Glasgow & West Scotland

Glasgow 2014 'was under budget'

Games opening ceremony
Image caption The opening ceremony of the Glasgow 2014 Commonwealth Games took place at Celtic Park on 23 July

Glasgow's Commonwealth Games cost taxpayers £37m less than budgeted, according to a report by the public spending watchdog.

The Accounts Commission said £461.7m in public funding had been anticipated, but only £424.5m was spent.

The total budget agreed for the Games - including public money and commercial revenue - had been £575m.

But the commission said income from ticket sales and sponsorship meant the final spend was £543m.

'Positive picture'

Accounts Commission chair Douglas Sinclair said: "The Games have been widely seen as a success, and our report adds to this positive picture.

"Strong controls and good planning resulted in a £37.2m under spend of public money - money which will now be returned to the public sector.

"The partner organisations and businesses worked very well together to make the Games a great success. As this is a really strong example of successful partnership working it's really important for learning from this project to be shared within the public sector, to help future work."

The Accounts Commission report said that about 1.2 million tickets were sold for the Games, contributing to £118m of commercial income, which also included sponsorship and other private funding such as broadcasting.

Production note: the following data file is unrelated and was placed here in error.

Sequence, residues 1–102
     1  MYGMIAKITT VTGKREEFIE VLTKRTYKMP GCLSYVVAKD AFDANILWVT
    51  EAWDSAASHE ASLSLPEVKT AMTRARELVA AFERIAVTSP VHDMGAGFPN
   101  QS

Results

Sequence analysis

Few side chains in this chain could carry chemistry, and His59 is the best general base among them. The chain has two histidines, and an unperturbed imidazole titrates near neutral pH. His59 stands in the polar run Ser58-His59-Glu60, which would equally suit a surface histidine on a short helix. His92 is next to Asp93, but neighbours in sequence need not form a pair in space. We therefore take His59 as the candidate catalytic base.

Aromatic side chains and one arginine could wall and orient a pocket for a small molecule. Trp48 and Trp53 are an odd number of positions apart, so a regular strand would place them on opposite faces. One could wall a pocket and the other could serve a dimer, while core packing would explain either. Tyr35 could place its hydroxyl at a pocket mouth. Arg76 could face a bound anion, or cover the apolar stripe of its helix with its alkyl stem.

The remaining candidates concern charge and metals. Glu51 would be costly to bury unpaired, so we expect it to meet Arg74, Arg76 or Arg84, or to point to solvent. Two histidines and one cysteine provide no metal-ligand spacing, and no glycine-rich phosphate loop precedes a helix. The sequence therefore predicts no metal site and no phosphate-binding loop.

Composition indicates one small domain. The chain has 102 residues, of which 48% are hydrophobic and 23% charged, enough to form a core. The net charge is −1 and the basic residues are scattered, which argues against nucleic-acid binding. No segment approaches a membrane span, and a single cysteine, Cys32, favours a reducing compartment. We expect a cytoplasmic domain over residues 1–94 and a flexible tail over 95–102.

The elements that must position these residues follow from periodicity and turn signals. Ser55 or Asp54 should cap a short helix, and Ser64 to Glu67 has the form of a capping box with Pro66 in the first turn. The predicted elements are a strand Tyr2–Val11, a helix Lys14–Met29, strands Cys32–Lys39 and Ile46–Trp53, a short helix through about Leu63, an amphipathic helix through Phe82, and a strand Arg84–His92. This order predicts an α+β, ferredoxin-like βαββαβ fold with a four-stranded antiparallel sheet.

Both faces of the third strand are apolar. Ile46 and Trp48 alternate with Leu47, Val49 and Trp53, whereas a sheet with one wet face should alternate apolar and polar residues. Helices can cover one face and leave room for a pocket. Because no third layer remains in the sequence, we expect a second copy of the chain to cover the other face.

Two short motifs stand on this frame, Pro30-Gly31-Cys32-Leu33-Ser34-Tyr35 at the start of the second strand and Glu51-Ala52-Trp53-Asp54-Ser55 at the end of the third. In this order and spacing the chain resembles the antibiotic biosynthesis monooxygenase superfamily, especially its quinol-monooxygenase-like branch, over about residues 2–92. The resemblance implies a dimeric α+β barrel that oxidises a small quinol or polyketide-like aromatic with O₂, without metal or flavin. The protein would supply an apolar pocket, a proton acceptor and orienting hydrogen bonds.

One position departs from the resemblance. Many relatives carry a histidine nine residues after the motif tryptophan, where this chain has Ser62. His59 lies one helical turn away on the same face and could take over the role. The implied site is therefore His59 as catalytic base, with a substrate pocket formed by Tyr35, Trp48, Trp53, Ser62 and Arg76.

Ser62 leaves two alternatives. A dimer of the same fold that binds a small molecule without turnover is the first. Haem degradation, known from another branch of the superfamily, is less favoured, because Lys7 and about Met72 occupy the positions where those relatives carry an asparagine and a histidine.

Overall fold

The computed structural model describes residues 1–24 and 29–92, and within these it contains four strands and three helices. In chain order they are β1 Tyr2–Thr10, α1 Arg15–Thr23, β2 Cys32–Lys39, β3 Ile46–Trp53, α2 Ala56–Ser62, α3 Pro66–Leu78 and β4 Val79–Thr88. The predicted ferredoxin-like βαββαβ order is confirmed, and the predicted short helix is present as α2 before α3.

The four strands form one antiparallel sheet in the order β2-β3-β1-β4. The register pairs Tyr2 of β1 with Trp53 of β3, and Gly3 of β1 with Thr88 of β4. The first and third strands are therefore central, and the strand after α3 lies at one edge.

Image caption More than one million tickets were sold for Games sporting events

The report said the organising committee and Police Scotland had good financial control over their budgets.

It also said clear legacy plans were in place to ensure lasting benefits from the Games and public bodies now needed to ensure these were delivered.

Auditor General Caroline Gardner said: "Working to ensure a legacy has been part and parcel of planning for the Games, and we've seen a good start on this.

"With ongoing pressures in public sector budgets it is all the more important for the Scottish government and Glasgow City Council to ensure the planned legacy benefits are achieved.

"They need to continue to evaluate the impact to ensure the Games achieves their longer-term aims such as a healthier population and better life chances for people living in the east end of Glasgow."

The Accounts Commission report said there may be "further costs and savings incurred as a result of the dissolution process for Glasgow 2014" which is due to be complete by the spring.

'Brought benefits'

Scottish Sports Minister Jamie Hepburn welcomed the report, which he said showed that "Glasgow 2014, as well as being a huge sporting success, was also exceptionally well run and well managed."

He added: "It was crucial to us, and all of our partners, that the Games brought benefits that lasted long after the closing ceremony.

"As well as the excellent sporting facilities and venues, we have seen community facilities, infrastructure benefits and scores of projects right around Scotland.

"I also hope that in time we will see that the Games has attracted more people to sport and physical activity, bringing about a permanent improvement in Scotland's health."

The Scottish Conservatives said the report showed that in 2012 the amount of money allocated for safety and security increased dramatically from £27m to £90m.

The party's sport spokeswoman Liz Smith said: "Taxpayers deserve good value for money and although the Games were a monumental event, there are still big question marks about the security funding which I hope are looked into for the future."

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